When it came time to make its fifth record, the Cave Singers had a choice. The Seattle band had just finished a tour behind Naomi, its second LP for Jagjaguwar. Both of those were preceded by two albums for Matador Records.

When it came time to make its fifth record, the Cave Singers had a choice. The Seattle band had just finished a tour behind Naomi, its second LP for Jagjaguwar. Both of those were preceded by two albums for Matador Records.

"We love Jag, but they weren't crazy about our last album," said Cave Singers guitarist Derek Fudesco, who also co-founded Matador alum Pretty Girls Make Graves. "So when it came time to do a record, they said, 'Send us some songs and we'll talk about it.' We came back from that tour and thought, you know, why don't we see if we can crowdfund it and put it out ourselves instead of shopping to our own label?"

It was a gamble. Matador and Jagjaguwar are two of the more respected, well-distributed independent labels in the game, and there was no guarantee the Cave Singers would have enough fan support to fund an album. But the gamble worked. The band raised more than $23,000 in one month through an Indiegogo.com campaign.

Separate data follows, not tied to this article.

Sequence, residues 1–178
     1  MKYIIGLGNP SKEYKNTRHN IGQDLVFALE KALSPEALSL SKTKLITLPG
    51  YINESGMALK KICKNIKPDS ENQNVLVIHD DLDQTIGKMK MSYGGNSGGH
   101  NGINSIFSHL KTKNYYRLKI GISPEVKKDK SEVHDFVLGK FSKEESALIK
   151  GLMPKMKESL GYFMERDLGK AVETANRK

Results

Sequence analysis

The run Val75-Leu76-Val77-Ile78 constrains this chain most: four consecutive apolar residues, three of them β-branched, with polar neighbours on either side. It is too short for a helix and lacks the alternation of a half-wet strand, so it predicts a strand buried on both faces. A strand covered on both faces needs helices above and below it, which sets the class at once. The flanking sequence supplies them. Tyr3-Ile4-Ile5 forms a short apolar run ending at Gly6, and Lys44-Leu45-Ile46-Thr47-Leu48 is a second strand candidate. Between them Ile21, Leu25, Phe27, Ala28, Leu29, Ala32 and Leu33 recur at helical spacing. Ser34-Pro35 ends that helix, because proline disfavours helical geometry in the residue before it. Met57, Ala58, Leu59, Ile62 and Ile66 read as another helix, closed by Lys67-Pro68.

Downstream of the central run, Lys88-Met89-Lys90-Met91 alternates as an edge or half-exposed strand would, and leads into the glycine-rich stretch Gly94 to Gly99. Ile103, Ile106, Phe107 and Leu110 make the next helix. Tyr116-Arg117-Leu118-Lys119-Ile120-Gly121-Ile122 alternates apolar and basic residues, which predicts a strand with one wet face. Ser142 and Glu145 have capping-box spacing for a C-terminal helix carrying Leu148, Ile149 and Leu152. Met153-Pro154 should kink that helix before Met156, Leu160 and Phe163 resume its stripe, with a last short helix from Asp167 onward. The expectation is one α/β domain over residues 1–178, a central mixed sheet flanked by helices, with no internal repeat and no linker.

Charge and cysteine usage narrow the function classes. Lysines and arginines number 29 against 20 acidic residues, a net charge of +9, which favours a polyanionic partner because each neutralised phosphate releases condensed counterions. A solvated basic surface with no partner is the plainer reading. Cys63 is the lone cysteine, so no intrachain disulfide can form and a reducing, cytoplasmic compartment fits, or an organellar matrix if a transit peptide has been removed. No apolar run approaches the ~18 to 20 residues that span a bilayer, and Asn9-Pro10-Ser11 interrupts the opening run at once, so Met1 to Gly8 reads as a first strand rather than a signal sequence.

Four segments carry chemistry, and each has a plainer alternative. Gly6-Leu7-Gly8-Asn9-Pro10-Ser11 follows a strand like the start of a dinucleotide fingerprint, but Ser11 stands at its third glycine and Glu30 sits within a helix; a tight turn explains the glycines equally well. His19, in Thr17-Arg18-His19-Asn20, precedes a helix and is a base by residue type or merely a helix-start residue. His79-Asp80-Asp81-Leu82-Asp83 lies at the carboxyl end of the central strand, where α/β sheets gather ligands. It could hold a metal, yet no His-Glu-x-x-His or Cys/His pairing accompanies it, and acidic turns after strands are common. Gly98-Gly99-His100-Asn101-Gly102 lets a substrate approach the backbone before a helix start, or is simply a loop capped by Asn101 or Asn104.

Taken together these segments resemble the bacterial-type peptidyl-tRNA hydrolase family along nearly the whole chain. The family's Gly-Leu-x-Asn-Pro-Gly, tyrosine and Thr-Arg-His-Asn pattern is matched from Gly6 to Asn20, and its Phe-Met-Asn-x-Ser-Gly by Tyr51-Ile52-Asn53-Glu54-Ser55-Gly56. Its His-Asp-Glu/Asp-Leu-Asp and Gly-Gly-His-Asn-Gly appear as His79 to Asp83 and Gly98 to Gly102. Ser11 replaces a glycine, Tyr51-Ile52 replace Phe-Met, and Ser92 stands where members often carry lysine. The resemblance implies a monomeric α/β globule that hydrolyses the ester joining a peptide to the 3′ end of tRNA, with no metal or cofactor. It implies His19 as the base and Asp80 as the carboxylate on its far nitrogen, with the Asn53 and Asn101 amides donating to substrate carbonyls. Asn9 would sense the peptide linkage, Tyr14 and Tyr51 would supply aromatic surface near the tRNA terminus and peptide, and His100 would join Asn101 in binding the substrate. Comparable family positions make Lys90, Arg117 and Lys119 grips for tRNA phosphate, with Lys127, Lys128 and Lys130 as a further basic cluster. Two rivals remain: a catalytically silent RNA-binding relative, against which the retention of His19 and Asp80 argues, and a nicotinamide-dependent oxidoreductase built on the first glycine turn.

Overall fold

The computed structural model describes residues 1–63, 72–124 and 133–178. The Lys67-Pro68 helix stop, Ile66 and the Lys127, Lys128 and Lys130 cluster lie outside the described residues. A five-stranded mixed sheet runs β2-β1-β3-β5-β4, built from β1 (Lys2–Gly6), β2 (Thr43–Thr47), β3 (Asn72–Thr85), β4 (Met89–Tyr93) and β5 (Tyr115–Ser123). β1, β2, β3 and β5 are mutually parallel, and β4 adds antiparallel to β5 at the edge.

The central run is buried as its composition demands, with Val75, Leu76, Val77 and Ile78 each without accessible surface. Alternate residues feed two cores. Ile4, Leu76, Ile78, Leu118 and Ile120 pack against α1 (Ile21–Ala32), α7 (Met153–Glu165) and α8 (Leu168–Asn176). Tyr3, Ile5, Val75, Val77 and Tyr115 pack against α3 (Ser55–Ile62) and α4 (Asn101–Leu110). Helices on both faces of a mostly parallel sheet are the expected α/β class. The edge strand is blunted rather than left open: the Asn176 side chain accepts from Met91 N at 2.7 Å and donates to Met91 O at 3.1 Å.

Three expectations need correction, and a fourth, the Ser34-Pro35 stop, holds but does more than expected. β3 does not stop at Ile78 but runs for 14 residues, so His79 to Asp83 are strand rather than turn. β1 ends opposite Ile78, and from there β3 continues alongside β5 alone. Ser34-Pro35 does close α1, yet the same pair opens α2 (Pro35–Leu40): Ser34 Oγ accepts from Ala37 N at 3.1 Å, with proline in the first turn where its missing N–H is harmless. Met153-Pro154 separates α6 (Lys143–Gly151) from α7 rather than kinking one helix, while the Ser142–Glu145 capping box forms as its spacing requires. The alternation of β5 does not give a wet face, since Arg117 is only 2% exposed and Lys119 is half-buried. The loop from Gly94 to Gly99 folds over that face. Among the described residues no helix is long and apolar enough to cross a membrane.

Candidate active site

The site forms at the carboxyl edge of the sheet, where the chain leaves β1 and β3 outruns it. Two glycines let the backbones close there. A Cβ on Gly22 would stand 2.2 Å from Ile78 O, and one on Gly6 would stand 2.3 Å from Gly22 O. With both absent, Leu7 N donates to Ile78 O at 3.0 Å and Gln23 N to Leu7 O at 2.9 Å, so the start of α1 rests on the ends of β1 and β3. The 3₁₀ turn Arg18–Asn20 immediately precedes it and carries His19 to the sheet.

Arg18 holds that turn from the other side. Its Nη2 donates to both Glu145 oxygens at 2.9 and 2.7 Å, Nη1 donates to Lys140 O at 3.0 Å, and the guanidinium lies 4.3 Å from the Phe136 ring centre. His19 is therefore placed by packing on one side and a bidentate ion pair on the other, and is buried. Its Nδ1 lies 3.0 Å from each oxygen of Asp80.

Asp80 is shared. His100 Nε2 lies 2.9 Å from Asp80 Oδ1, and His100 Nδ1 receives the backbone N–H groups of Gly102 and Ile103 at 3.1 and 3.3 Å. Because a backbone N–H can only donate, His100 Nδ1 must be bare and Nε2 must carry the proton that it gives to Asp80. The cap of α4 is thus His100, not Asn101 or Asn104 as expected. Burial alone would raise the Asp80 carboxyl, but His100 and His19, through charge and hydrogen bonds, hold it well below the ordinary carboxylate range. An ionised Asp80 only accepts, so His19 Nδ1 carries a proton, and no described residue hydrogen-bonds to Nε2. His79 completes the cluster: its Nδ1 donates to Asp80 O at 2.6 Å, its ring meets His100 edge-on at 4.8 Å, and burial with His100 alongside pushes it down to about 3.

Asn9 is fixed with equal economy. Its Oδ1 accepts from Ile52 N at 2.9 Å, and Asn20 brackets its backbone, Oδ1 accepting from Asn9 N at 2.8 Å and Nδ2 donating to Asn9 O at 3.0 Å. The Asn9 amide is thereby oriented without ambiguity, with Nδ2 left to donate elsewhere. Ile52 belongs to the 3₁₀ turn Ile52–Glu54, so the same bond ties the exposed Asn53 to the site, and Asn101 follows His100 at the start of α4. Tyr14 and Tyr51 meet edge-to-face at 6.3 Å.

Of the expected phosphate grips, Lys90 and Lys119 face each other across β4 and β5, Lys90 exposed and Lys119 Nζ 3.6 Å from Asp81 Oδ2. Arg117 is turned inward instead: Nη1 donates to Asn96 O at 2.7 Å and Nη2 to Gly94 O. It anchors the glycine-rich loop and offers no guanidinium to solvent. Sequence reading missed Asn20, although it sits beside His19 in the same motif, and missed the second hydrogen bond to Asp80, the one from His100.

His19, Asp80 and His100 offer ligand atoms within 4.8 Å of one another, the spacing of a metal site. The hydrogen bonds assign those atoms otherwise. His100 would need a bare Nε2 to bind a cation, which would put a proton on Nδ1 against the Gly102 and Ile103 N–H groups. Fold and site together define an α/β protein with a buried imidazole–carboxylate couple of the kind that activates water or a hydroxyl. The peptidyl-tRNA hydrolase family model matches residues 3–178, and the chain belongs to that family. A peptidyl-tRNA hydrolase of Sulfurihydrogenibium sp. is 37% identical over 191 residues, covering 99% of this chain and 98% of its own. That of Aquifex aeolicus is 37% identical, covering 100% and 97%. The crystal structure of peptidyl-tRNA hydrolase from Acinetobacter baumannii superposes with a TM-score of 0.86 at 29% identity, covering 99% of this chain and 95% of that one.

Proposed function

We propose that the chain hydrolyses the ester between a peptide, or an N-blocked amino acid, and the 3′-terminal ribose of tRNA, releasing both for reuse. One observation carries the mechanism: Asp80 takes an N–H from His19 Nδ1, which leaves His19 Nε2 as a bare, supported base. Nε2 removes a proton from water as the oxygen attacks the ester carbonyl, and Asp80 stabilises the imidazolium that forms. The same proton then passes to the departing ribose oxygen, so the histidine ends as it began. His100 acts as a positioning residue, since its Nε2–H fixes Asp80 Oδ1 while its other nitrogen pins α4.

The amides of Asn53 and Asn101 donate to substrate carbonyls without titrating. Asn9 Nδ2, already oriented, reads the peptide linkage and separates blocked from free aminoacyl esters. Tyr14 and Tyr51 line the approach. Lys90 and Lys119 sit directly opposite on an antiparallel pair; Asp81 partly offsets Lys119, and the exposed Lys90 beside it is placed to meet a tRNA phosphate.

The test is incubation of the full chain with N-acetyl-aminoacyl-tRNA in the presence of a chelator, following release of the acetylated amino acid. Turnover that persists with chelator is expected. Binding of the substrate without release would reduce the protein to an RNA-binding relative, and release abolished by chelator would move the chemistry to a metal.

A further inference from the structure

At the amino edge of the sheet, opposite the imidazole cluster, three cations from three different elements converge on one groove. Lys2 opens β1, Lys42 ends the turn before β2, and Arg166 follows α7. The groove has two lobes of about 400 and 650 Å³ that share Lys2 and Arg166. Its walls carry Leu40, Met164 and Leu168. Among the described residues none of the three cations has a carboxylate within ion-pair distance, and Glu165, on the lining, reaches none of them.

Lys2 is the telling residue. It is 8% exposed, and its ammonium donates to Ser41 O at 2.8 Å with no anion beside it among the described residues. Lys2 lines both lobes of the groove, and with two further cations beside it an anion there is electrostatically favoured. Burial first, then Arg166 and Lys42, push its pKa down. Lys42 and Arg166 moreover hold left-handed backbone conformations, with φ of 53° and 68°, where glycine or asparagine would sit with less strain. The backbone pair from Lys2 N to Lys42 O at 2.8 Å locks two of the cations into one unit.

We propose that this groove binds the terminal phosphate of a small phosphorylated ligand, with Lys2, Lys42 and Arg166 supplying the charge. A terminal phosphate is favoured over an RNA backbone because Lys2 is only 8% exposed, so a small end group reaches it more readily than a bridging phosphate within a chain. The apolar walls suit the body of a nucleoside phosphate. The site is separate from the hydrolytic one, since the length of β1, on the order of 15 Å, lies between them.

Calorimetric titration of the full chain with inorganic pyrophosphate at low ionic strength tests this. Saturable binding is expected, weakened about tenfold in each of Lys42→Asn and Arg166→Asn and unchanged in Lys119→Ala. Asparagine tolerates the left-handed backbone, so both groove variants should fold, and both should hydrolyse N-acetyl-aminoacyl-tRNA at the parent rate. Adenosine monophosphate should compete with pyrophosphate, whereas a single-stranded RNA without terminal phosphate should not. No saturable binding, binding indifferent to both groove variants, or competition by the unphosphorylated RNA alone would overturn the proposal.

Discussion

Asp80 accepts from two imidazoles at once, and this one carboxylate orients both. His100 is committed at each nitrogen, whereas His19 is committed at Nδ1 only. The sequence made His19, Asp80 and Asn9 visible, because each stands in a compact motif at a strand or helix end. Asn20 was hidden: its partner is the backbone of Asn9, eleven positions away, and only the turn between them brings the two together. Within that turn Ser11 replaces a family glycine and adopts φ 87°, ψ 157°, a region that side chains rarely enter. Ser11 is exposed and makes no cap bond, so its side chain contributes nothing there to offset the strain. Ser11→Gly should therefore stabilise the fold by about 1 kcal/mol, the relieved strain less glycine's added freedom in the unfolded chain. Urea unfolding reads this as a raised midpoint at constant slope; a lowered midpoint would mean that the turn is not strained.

The resulting album, Banshee, isn't drastically different from the trio's previous records - laid-back, folk-rock grooves anchored by the shambling, nasal vocals of aptly named songwriter Pete Quirk. But it was made with ultimate freedom, and it gave the Cave Singers a chance to experiment with producer Randall Dunn.

"Randall picked out a studio in Portland. It was set up so we could all play in the same room," Fudesco said via telephone. "After the first song it was like, 'We should try to do them all like this.' That was the first time we'd done that. There'd be vocal takes that were good but the music wouldn't be that good, but we'd end up going with it anyway, just trying to capture that live feeling."

For the Cave Singers, one of the most important benefits to releasing Banshee itself is that the band owns all the music. "Something that's really frustrating is our first two records are not available in physical form, and there's nothing we can do to get them, even if we wanted to release them ourselves," Fudesco said. "With the backlog of getting vinyl made, there's no incentive for [Matador] to re-press it because they have all these new records to make. The catalog stuff isn't very important, even though when we tour, people constantly ask about the early records. We don't even have CDs of them. We're just at the mercy of someone else doing it, if they ever feel like doing it."

The process of writing, recording and releasing Banshee, however, gave the Cave Singers complete autonomy. "Everything about it was new," Fudesco said. "That's been exciting."